Sun Dec 8th through Sat the 14th, 2019 at Vancouver Convention Center
The paper is well-written and clear, the different components of the RKN are introduced in an incremental fashion providing motivations for their introduction. The main concern with the paper is a lack of originality and novelty. The RKN are based on the work in , which presents a much more general framework for deriving neural architectures for various types of sequences and graph kernels. This work adapts the neural encoding for sequence kernels by replacing the exact match between subsequences with a gaussian kernel accounting for vectorial representations of symbols (substitution matrices for aminoacids). Note that the original work itself already mentions the possibility to replace exact matches with dot products. The multilayer construction is also taken from . The authors introduce a number of efficiency refinements taken from the kernel literature, such as Nystrom approximation, mostly following another publication (ref ) which addresses the very problem presenting in this work. Overall, I believe the differences with respect to  and  are limited and too application specific to justify a publication in a top machine learning venue. The most recent competitor presented in the experimental evaluation, apart from the work in , is from 2007. Is it possible that  is the only recent approach dealing with fold recognition? AFTER REBUTTAL: The authors did better clarify the novelty of their contribution with respect to the papers they build upon. I still believe the scope is a bit limited, but I am not against the paper being accepted provided the authors clarify these aspects in the revised version.
In the paper titled "Recurrent Kernel Networks", the authors proposed a new method to model the gaps in comparative sequence analysis. The new method is termed Recurrent Kernel Networks, which essentially can embed sequences as points in RKHS, and leverage the training strategy of RNN. Overall, this is an innovative paper. The paper is also well organized. My only question is that in the original CKN paper, CKN was used to train DNA sequences (similar to DeepSEA), why the authors in this paper did not apply RKN to the same task?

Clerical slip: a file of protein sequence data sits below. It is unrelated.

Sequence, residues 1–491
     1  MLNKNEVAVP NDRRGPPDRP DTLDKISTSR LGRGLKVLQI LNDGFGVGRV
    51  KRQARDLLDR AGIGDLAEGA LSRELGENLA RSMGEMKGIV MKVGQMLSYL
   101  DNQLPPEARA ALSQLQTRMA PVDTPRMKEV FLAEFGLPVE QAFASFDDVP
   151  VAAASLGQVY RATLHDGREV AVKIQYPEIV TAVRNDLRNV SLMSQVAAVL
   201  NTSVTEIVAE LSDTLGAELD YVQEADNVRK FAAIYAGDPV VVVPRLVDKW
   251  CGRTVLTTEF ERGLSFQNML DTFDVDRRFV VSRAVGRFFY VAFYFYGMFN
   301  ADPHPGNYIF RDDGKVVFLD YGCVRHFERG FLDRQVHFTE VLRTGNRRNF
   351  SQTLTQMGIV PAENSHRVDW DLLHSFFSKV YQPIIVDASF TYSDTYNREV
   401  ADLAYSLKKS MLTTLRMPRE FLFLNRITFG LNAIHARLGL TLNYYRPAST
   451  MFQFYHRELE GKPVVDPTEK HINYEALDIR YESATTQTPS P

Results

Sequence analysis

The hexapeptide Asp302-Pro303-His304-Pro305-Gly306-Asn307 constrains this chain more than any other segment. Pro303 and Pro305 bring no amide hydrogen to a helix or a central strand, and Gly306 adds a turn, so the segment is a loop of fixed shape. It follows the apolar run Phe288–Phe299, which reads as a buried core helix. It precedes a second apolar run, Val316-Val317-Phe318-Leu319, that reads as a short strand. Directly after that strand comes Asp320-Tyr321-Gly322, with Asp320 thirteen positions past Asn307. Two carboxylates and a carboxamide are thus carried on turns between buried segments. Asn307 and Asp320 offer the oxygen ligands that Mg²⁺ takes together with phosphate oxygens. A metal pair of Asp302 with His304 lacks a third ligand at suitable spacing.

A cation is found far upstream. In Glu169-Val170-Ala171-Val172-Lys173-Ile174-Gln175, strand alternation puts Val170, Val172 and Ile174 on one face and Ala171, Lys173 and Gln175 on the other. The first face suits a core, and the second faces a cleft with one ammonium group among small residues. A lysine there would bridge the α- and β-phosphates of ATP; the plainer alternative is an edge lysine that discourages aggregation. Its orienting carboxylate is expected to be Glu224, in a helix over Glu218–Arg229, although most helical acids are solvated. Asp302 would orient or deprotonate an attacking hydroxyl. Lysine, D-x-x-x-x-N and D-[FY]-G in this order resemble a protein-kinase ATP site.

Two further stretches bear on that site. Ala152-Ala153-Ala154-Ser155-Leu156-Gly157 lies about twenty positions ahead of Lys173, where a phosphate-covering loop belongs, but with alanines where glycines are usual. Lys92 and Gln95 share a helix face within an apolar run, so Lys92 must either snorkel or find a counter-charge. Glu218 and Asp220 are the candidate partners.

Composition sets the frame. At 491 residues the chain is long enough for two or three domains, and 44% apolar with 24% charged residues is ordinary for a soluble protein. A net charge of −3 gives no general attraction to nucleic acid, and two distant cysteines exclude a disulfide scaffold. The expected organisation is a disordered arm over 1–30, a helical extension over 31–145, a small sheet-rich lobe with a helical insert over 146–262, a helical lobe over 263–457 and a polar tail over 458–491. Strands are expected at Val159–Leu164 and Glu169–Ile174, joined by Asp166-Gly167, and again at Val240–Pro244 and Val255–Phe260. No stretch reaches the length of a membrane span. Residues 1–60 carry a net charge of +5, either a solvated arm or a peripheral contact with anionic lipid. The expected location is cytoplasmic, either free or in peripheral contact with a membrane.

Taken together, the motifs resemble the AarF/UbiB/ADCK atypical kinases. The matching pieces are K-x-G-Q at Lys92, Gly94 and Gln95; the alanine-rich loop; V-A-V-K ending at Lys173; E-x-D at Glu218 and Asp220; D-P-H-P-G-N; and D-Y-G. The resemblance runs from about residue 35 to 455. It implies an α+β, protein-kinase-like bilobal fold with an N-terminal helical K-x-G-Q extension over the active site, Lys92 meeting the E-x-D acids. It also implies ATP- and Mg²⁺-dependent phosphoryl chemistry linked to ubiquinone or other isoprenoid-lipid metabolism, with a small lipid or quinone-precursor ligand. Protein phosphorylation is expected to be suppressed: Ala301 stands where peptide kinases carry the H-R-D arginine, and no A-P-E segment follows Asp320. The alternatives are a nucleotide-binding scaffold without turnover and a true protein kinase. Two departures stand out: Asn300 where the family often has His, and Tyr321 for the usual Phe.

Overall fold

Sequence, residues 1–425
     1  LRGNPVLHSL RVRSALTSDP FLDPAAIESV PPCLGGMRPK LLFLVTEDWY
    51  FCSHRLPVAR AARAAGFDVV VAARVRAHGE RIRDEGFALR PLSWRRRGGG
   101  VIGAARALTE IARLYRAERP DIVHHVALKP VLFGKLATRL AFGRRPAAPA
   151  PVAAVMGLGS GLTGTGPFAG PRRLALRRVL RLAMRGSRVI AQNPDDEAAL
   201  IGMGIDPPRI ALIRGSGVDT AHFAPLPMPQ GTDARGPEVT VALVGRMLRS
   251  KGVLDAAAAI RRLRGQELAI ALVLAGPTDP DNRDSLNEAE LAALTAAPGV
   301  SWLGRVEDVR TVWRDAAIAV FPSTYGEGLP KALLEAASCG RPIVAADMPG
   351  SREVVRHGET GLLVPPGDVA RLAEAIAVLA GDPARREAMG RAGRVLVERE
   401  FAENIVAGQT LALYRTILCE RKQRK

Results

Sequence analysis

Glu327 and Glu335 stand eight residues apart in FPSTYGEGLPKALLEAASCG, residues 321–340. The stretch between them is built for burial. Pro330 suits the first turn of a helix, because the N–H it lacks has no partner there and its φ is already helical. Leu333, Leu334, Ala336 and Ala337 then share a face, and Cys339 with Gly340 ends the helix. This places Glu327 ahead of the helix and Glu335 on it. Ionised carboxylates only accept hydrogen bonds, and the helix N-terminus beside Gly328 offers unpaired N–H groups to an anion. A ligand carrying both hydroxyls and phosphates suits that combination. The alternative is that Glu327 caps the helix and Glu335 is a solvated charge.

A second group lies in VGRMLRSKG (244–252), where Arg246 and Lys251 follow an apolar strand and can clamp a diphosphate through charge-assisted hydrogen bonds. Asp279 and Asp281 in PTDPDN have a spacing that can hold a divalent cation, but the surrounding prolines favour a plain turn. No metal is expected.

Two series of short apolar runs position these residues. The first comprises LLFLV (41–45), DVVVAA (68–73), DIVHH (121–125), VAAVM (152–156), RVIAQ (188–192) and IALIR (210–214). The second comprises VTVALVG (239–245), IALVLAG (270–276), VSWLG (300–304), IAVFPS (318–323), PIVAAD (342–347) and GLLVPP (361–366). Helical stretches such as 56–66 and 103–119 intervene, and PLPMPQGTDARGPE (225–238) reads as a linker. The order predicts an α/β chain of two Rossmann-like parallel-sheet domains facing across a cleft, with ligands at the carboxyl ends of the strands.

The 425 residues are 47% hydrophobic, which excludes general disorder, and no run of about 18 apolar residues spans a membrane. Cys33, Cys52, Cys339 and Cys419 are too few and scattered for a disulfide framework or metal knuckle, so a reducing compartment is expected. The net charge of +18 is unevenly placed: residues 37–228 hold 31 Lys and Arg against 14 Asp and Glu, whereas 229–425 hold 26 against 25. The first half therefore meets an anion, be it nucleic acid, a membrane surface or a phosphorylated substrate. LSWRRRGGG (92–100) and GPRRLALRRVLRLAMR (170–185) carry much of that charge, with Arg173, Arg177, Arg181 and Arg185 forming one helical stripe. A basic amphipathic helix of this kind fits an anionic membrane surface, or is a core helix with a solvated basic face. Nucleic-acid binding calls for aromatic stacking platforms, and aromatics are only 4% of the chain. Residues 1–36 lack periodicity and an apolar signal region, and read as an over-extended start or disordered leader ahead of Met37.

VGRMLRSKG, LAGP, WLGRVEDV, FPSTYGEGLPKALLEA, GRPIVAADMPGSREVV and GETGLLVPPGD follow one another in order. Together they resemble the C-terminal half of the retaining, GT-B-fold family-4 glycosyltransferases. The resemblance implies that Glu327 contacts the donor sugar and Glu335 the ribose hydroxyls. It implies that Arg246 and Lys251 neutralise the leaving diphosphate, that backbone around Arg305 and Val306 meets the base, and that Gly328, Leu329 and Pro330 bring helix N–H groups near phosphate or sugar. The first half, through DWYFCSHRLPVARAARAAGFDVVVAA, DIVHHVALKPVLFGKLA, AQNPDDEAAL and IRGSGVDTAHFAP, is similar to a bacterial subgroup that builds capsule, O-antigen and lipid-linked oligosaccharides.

The manuscript “Recurrent Kernel Networks” generalizes convolutional kernel networks to model gaps in sequences. It further introduces a new point of view on RNNs and proposes a new way to simulate max pooling in RKHS. In general, the manuscript is well written and introduces a nice addition to the existing literature. It shows an interesting connection between kernel methods and RNNs, which could become quite significant. At some passages it can be seen that the page limit is reducing readability, since the authors often refer to the literature instead of giving the main ideas of those papers (, , ). Including this information would help the readers to get a better picture of what was known before and how novel the contributions are. It is a little bit difficult to evaluate the performance improvement of the new method, since e.g., for one-hot encoding the new methods do not produce a better auROC than a standard approach (GPkernel). Furthermore, in all experiments, only one layer was used for CKNs and RKNs (line 296, page 8), which implies that the data set choice might not have been ideal for showing the performance improvement opportunities on large data sets. Furthermore, the data set is quite old (SCOP 1.75 came out in 2009 and the data is based on SCOP 1.67). Update: The author response showed additional evaluations, on newer/larger data, which substantiate the claim that the newly proposed method can also lead to performance improvements on relevant prediction problems (note: the GPkernel performances are missing in those evaluations and should be included in a final version if possible). For the RKN, the generalized max pooling is implemented by a heuristic, since it would otherwise become intractable (line 261, page 7). It performed worse than the max pooling and the performance was just shown for \lambda = 0. It would be interesting to see the performance also for other \lambdas. Update: Some new evaluations were added in the authors' response and promised for the updated appendix, solidifying the evaluations. Minor points Page 2: -line 84: the standard spectrum kernel measures the counts of the occurrences of the k-mers not just whether a k-mer is present as stated in the manuscript. -line 85 the standard mismatch kernel measures the counts of the occurrences of u up to a few letters and not just presence/absence as stated in the manuscript. Page 3: -lines 96 and 132: the gaps function might be confusing to some readers. It does not show k explicitly, but then uses it to calculate gap costs. One should make the k explicit in the call. It would also help to not introduce two ways to write the gap penalty function (lines 96, 132). -line 101: The authors spend time to introduce string kernels, but they do not put emphasis on introducing the more recent work. It would for example help the reader to see the definition of a CKN. Page 4: -line 133: It is unclear where the 0^0 comes into play and also it would help to elaborate a little bit more on the statement of line 134. Page 6: -line 223: Again, if you remove some parts at the beginning, you could mention some more details here to show how similar the construction is. Page 8: -line 295: It would be good to see stability of the performance for different choices of the parameters that were set (k, q, number of layers).